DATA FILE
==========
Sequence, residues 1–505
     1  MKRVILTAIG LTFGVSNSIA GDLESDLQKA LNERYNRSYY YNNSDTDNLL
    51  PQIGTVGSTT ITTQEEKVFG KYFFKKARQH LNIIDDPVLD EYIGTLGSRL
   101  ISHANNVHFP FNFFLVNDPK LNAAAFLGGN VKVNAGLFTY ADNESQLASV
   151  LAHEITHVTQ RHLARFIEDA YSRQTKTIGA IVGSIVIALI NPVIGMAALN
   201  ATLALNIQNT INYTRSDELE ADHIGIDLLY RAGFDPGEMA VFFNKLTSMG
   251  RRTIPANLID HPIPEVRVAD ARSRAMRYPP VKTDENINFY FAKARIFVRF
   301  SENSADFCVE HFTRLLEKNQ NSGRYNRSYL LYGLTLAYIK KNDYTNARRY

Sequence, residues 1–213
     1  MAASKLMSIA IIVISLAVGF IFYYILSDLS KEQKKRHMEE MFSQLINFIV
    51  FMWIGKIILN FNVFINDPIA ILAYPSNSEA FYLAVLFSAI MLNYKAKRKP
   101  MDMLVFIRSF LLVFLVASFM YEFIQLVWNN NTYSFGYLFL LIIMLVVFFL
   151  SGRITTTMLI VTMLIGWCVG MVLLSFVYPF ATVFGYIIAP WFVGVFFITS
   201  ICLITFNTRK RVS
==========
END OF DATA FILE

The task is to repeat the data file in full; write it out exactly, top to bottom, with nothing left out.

Sequence, residues 1–505
     1  MKRVILTAIG LTFGVSNSIA GDLESDLQKA LNERYNRSYY YNNSDTDNLL
    51  PQIGTVGSTT ITTQEEKVFG KYFFKKARQH LNIIDDPVLD EYIGTLGSRL
   101  ISHANNVHFP FNFFLVNDPK LNAAAFLGGN VKVNAGLFTY ADNESQLASV
   151  LAHEITHVTQ RHLARFIEDA YSRQTKTIGA IVGSIVIALI NPVIGMAALN
   201  ATLALNIQNT INYTRSDELE ADHIGIDLLY RAGFDPGEMA VFFNKLTSMG
   251  RRTIPANLID HPIPEVRVAD ARSRAMRYPP VKTDENINFY FAKARIFVRF
   301  SENSADFCVE HFTRLLEKNQ NSGRYNRSYL LYGLTLAYIK KNDYTNARRY

Sequence, residues 1–213
     1  MAASKLMSIA IIVISLAVGF IFYYILSDLS KEQKKRHMEE MFSQLINFIV
    51  FMWIGKIILN FNVFINDPIA ILAYPSNSEA FYLAVLFSAI MLNYKAKRKP
   101  MDMLVFIRSF LLVFLVASFM YEFIQLVWNN NTYSFGYLFL LIIMLVVFFL
   151  SGRITTTMLI VTMLIGWCVG MVLLSFVYPF ATVFGYIIAP WFVGVFFITS
   201  ICLITFNTRK RVS